I didn’t listen to my mum’s advice on choosing a degree. No doubt that’s why I dropped out, aged 18, and am having a second go now with the Open University. I’ve met all sorts of people who are trying to tick off the marker of higher education in later life because they either didn’t have the opportunity when they were younger or, like me, didn’t see it through first time round. Even now I toy with the idea of stopping. Maybe a degree is my holy grail – constantly present as an idea but out of reach?

Last month I took childish delight in meeting one of my Radio 4 heroes.  I entered a competition to find a new voice for the Pause for Thought slot on Vanessa Feltz’s  Radio 2 show – the final was to be at Cheltenham Literature Festival. The first 550 entries were whittled down to 30. Imagine my delight to be one of the 30! Thirty were pared down to six. I didn’t make it and was pathetically disappointed. I spent a small fortune getting to Cheltenham to take up my free ticket for the final. To make the most of the adventure I booked myself into a couple of talks. One involved novelist Alexander McCall Smith, historian Alistair Moffatt, and Radio 4’s James Naughtie discussing McCall Smith’s brainchild – The Great Tapestry of Scotland. An extraordinary woven record of Scotland’s heritage and history – 165 panels designed by artist Andrew Crummy, and realised by 1000 stitchers across Scotland and the Isles.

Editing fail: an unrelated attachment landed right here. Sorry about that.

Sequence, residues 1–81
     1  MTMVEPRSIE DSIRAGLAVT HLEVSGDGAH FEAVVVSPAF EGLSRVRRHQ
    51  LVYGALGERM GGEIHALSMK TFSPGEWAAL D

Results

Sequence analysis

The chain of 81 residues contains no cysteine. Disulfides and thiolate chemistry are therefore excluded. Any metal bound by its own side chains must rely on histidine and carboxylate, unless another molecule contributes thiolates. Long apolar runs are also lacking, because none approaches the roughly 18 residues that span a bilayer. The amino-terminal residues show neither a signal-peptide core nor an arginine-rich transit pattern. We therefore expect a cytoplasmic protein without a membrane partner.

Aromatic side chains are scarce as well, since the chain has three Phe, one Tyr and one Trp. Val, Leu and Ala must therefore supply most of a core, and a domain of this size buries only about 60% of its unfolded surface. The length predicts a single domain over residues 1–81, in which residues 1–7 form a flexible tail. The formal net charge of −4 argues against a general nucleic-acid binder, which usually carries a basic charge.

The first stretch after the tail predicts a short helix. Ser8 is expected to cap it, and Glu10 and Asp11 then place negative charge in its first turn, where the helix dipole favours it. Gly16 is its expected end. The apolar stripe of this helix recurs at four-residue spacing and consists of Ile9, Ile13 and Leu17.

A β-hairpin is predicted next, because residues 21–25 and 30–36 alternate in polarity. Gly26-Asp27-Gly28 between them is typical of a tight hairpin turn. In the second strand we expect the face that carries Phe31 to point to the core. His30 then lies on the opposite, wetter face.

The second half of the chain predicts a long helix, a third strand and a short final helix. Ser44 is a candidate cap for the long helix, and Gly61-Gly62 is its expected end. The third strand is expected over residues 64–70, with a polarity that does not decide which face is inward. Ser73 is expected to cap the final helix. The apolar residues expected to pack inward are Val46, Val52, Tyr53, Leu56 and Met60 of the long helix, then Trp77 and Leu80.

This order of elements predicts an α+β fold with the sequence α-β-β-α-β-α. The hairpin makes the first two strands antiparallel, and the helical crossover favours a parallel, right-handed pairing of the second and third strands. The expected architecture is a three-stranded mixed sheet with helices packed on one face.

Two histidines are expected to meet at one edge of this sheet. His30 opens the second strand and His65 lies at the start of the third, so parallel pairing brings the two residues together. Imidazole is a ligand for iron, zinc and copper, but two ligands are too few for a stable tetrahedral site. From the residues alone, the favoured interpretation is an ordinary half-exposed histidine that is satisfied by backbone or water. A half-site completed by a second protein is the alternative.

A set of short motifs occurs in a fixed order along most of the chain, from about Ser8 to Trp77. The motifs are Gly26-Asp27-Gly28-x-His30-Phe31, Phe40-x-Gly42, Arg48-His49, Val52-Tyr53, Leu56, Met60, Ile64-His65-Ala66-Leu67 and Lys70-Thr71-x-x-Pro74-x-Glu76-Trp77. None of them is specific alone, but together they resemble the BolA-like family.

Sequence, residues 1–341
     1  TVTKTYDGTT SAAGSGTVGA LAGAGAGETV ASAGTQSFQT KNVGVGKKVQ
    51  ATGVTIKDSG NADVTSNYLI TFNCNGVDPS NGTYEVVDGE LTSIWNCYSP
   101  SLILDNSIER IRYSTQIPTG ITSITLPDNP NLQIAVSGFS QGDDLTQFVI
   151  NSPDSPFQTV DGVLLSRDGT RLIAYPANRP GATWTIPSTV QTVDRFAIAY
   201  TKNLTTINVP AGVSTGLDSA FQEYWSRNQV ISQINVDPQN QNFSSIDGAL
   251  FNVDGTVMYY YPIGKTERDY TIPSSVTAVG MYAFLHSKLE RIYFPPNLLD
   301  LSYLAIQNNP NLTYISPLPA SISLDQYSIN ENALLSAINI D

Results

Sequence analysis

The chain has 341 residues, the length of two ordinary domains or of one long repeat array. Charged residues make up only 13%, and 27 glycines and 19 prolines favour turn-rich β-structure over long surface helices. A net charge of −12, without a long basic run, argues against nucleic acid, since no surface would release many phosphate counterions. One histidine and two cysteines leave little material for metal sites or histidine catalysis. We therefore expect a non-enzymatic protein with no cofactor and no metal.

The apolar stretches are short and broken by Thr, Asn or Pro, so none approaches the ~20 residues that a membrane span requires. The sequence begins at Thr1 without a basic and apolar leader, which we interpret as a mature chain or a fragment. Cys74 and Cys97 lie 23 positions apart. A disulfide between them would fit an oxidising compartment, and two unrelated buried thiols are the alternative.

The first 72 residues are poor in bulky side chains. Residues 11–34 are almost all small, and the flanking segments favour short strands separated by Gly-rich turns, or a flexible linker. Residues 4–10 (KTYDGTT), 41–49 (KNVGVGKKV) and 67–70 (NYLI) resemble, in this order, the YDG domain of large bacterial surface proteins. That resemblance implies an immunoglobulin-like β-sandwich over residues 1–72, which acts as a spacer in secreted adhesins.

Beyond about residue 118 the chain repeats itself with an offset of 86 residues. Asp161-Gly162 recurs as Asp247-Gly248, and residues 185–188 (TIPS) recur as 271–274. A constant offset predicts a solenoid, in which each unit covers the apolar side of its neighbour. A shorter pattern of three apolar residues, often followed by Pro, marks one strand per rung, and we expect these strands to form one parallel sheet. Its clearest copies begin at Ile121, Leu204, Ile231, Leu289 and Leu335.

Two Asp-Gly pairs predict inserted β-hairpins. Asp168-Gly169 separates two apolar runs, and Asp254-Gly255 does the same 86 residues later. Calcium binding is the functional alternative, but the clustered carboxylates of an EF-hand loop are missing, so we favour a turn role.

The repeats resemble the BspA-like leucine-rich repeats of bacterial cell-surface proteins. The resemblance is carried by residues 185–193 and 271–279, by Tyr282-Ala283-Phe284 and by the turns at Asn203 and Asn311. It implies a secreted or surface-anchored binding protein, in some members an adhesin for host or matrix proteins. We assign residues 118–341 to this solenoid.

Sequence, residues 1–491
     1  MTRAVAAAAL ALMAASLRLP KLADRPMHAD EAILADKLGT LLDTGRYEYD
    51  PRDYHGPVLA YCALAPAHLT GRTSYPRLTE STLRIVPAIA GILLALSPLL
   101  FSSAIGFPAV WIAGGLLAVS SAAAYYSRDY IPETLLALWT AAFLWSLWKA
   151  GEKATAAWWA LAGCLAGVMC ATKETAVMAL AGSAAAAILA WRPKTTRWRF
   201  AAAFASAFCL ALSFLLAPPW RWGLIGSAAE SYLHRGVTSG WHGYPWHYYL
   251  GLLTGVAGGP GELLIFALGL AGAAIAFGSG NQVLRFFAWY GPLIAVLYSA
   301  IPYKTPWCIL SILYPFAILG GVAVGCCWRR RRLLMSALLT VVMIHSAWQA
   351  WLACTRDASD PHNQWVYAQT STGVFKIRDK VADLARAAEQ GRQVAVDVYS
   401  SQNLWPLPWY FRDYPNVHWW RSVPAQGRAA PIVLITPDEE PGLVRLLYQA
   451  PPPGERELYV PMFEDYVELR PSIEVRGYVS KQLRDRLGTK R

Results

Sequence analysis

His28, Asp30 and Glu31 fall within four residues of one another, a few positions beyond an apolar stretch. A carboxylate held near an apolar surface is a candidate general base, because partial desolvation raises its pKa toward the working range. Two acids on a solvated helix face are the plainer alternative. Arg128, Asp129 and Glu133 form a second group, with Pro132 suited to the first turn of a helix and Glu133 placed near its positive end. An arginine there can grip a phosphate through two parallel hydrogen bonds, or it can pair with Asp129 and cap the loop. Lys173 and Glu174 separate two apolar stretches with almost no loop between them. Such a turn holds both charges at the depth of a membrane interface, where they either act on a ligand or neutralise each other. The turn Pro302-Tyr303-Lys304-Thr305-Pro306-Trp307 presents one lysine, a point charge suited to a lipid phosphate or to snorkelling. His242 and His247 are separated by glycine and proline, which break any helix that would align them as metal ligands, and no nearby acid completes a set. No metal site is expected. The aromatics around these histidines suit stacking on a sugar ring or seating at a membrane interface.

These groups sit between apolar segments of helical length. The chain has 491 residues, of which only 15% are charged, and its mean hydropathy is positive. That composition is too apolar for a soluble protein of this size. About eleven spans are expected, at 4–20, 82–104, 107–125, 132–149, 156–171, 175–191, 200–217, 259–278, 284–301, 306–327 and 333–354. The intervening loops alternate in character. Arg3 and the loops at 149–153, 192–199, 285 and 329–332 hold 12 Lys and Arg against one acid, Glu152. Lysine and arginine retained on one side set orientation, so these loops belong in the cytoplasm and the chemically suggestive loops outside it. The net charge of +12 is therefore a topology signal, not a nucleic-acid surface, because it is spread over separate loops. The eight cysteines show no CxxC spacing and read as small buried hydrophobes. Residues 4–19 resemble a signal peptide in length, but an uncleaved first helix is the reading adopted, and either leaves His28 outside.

Gorgeous Jim Naughtie from BBC Radio 4’s Today. I like to wake up with him in the morning!

Afterwards, I interviewed Jim Naughtie for my little show on Alnwick’s Lionheart Radio. I was toe-curlingly starstruck. Still, it will be a lasting memory – as will the system crash that cut off my first broadcast of Jim’s interview mid flow.

The good news is that the ‘Search for a New Voice’ had a truly worthy winner – Paul Oxley. Also positive – 5.45am live broadcasts won’t need to feature in my list of memories. Plus, I’ve escaped the lure and shame of broadcast industry exploitation and mores – after all, just look at poor Vanessa on Strictly Come Dancing!

‘Strictly’ was possibly not Vanessa’s finest hour.

If you have firsts that have made a lasting impression, why not tell me about them by leaving a message below? I may well put together a radio show on just that subject.

(A version of this article was first published in the Berwick Advertiser, November 2013)